Saturday, November 8, 2008

Cinders and Ashes!

One of the benefits of having a two-year-old son is that I now know that, when something traumatic happens, Thomas the Tank Engine usually exclaims, "Cinders and ashes!" I'll bet there were more than a few folks at the Republican National Committee using similar, albeit less family friendly, utterances the morning after election day. But Thomas' tagline is a fitting description of the state of the GOP following the election.

If the election of '06 was a shot fired across the GOP's bow, the '08 election was right in their wheelhouse. Neo-conservative (big-government authoritarian) Republican John McCain got stomped by Democrat Barack Obama electorally, 163 to 364. The popular vote was slightly less one-sided, with Obama getting 53% and McCain getting 46%. The Democrats picked up 6 seats in the U.S. Senate and picked up 17 seats in the U.S. House. At the end of it all, the Senate had 57 Democrat seats (only 3 seats short of a filibuster-proof majority) to 40 Republican seats. The House now has 252 Dems and 173 Republicans.

As a one-time stalwart Republican, when I surveyed the wreckage of the GOP, I felt like an immigrant to the U.S. seeing his war-torn former country on CNN, bombed and flattened. I felt sad for my friends who didn't make it out, but glad that I left when I did.

I didn't shed too many tears though, because the GOP brought this shellacking on themselves. Many people like myself fought in the trenches to put the GOP in power in the 1990's. We sent them to DC with a simple mandate: "Cut government." That included cutting taxes, spending, regulation and intrusiveness. The Republican-controlled federal government did the exact opposite of those things. (I know they cut taxes somewhat. But they didn't even make those cuts permanent and they increased spending and debt so much that essentially they just delayed paying those taxes rather than eliminating them.)

In essence, once the Republicans were firmly in power, they governed like Democrats. Advocates of smaller, less intrusive federal government suddenly found themselves out in the cold. But, as the last two election cycles showed, the American people will choose real Democrats over wannabe-Democrats every time. The neo-conservative plan to out-Democrat the Democrats resulted in an electoral train wreck.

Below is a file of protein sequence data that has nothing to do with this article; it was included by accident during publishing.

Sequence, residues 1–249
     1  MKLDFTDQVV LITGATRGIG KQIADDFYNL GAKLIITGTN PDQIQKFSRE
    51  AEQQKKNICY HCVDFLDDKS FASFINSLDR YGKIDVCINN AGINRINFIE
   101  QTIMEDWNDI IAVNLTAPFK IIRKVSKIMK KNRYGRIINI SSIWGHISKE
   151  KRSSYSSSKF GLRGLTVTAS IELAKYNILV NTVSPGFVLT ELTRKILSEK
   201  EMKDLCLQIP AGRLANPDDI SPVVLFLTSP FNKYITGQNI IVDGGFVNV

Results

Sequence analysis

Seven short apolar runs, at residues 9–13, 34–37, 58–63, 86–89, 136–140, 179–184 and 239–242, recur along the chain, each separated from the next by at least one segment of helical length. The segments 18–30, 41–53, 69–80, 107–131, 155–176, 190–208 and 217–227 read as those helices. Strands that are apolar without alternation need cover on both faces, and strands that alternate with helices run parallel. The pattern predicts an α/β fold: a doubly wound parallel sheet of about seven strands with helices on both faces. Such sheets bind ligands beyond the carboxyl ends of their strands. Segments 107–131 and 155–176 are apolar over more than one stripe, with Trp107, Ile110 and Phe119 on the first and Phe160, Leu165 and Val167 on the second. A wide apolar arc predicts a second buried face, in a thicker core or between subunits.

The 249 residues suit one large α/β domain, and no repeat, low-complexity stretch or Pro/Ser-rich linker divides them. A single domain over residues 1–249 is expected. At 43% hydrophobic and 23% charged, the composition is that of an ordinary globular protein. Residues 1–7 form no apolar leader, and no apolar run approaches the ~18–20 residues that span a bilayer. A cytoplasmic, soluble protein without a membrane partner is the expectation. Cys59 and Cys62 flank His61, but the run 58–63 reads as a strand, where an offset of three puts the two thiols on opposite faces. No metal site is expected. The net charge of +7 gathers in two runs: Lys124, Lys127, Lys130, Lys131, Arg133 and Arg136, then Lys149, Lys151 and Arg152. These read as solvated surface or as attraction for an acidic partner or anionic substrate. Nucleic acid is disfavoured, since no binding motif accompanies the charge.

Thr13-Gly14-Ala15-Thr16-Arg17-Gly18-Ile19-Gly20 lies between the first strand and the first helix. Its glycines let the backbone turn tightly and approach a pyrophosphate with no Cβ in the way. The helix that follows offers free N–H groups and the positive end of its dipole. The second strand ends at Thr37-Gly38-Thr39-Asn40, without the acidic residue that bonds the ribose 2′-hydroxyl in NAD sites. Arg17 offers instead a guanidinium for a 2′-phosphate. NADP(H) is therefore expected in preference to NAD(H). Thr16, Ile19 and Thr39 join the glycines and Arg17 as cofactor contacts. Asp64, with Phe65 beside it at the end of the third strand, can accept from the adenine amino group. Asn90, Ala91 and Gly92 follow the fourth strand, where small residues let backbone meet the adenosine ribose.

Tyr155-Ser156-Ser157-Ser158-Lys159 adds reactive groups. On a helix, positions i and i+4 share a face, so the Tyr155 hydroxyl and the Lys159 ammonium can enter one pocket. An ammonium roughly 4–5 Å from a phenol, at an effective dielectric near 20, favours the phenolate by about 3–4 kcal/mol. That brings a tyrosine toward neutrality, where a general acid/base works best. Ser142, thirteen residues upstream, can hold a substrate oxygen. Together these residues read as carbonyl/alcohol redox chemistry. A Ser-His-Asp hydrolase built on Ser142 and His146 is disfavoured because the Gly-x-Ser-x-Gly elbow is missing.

Supporters of smaller government now have four options:
  1. We can help the GOP rebuild their party, and try to get it to focus on limited government fundamentals. This is essentially what Ron Paul's Campaign for Liberty is about.
  2. We can join the Democrats and take whatever reforms we can get.
  3. We can become detached from the political process, hunker down and hope that the big-government Panzers roll past without crushing us.
  4. We can try to build the Libertarian Party or Constitution Party into a major party able to challenge the Demublicans for control.

I've thrown in with the merry band of Libertarians, so it's probably obvious that I support the last option. Paleo-conservatives, libertarians, and constitutionalists gave the Republican Party a fair chance to advance limited government principles. The GOP betrayed that trust. May it rest in peace.

1 comment:

  1. Apparently some in the GOP recognize where their problems lie and want to choose Option #1 from my list.

    From the Mason City Globe-Gazette:

    "Local Republican Party leaders may not agree on how, but they all believe the party needs to make changes if it’s going to succeed in the future.

    “I think there are a lot of things that need to be addressed,” said former Iowa Rep. Gary Blodgett of Clear Lake in light of Tuesday’s Democratic landslide.

    "Blodgett was one of several Republicans who said the party needs to get back to its core principles.

    "Those include a sound economy, holding the line on taxes, less government, promotion of individual freedom and individual initiative, Blodgett said. [...]"

    "Bill Salier of Nora Springs, who ran in an unsuccessful Republican primary race for the U.S. Senate in 2002, said after the party succeeded in winning the presidency in 2004 it began “a quest to retain power” and did not stick to its core values.

    "'Don’t say you’re the party of limited government and then stuff a $700 billion bailout package down our throats,' Salier said."

    I always liked that Bill Salier. Not everyone gets it though. John Laflen, Republican County chairman for Winnebago County, said “I think we need to move away from being a Conservative Party to being a Progressive Party.”

    In other words, keep trying to out-Democrat the Democrats. Sigh. You can read the entire article at:


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